For New Yorkers who lived through the terroir attacks nearly two decades ago, every anniversary of 9-11 is a time of reflection.
But this one — at least for me — is one that deserves special attention.
Here are some thoughts:
9/11 was tragic and brutal. It hit home to me because my old man help build the Twin Towers, and when I was a kid, he took me to see the nearly completed version. Years later, as a senior writer at the Wall Street Journal, it became another touchstone: I worked across the street; my gym was in the Trade Center, my professional life enveloped downtown Manhattan and then it was destroyed-- taking nearly 3,000 lives in the process and injuring thousands more in lower Manhattan, the Pentagon, and Shanksville, Pa.
A doctor's appointment saved me from being at Ground Zero when the planes hit--but I was just a few blocks north and lived in the East Village. I vividly recall the awful smell of burnt wiring and dust that permeated the air as far north as the Upper East Side for weeks, not to mention the roar of what sounded like F-15's circling Manhattan in the moments following the attack.
Yes, it was brutal, and costly in terms of lives and sickness well after the event. And yet, oddly, it was somehow better than what we are facing now. We were unified. The tragedy brought New York and the country together. The pandemic has done the opposite.
We have been reduced to warring factions.
Most of us express our outrage at everything on our keyboards. Others take to the streets. We're united in our disunity. You can blame President Trump's divisive nature. Or you can blame Mayor de Blasio for disarming and defunding police when we need order the most. Or even Governor Cuomo for letting the feckless mayor get away with it. Or, maybe, we should blame ourselves for not rising to the occasion, for not pointing out that while police need to treat every American with respect, that fixing policing does not mean we need a revolution that weakens law enforcement’s reach and threatens the day-to-day normal lives we all to want to lead.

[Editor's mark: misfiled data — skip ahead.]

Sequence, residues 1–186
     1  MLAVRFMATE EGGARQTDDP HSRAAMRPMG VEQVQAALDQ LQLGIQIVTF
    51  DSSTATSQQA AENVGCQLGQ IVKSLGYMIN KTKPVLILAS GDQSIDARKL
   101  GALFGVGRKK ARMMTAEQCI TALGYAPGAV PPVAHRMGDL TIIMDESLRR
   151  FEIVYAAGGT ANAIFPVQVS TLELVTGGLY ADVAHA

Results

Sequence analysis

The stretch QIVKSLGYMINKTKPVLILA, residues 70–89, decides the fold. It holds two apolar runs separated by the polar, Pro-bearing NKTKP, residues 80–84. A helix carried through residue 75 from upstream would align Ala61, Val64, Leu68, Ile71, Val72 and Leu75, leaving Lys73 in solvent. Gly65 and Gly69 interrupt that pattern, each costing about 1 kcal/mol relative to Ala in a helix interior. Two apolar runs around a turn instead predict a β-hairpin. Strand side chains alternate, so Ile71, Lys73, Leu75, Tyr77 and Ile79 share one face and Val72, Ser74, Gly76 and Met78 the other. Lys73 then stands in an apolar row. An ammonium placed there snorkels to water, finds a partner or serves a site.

Yes, we needed to "flatten the curve" of the virus, but that does not mean we need to stop life in its tracks, destroy livelihoods and kill an economy that, when functioning, will produce a vaccine and a treatment for a deadly disease.
Maybe we also need to stop arguing--in the streets, and on social media--and start talking responsibly about solutions. One more thing: let’s also ignore -- not cancel but ignore--those who believe it is time to blow up the system who exist on both the right and left sides of the policy debate.
Maybe we also need to stop arguing -- in the streets, and on social media -- and start talking responsibly about solutions. One more thing: let’s also ignore -- not cancel but ignore -- those who believe it is time to blow up the system. They exist on both the right and left sides of the policy debate.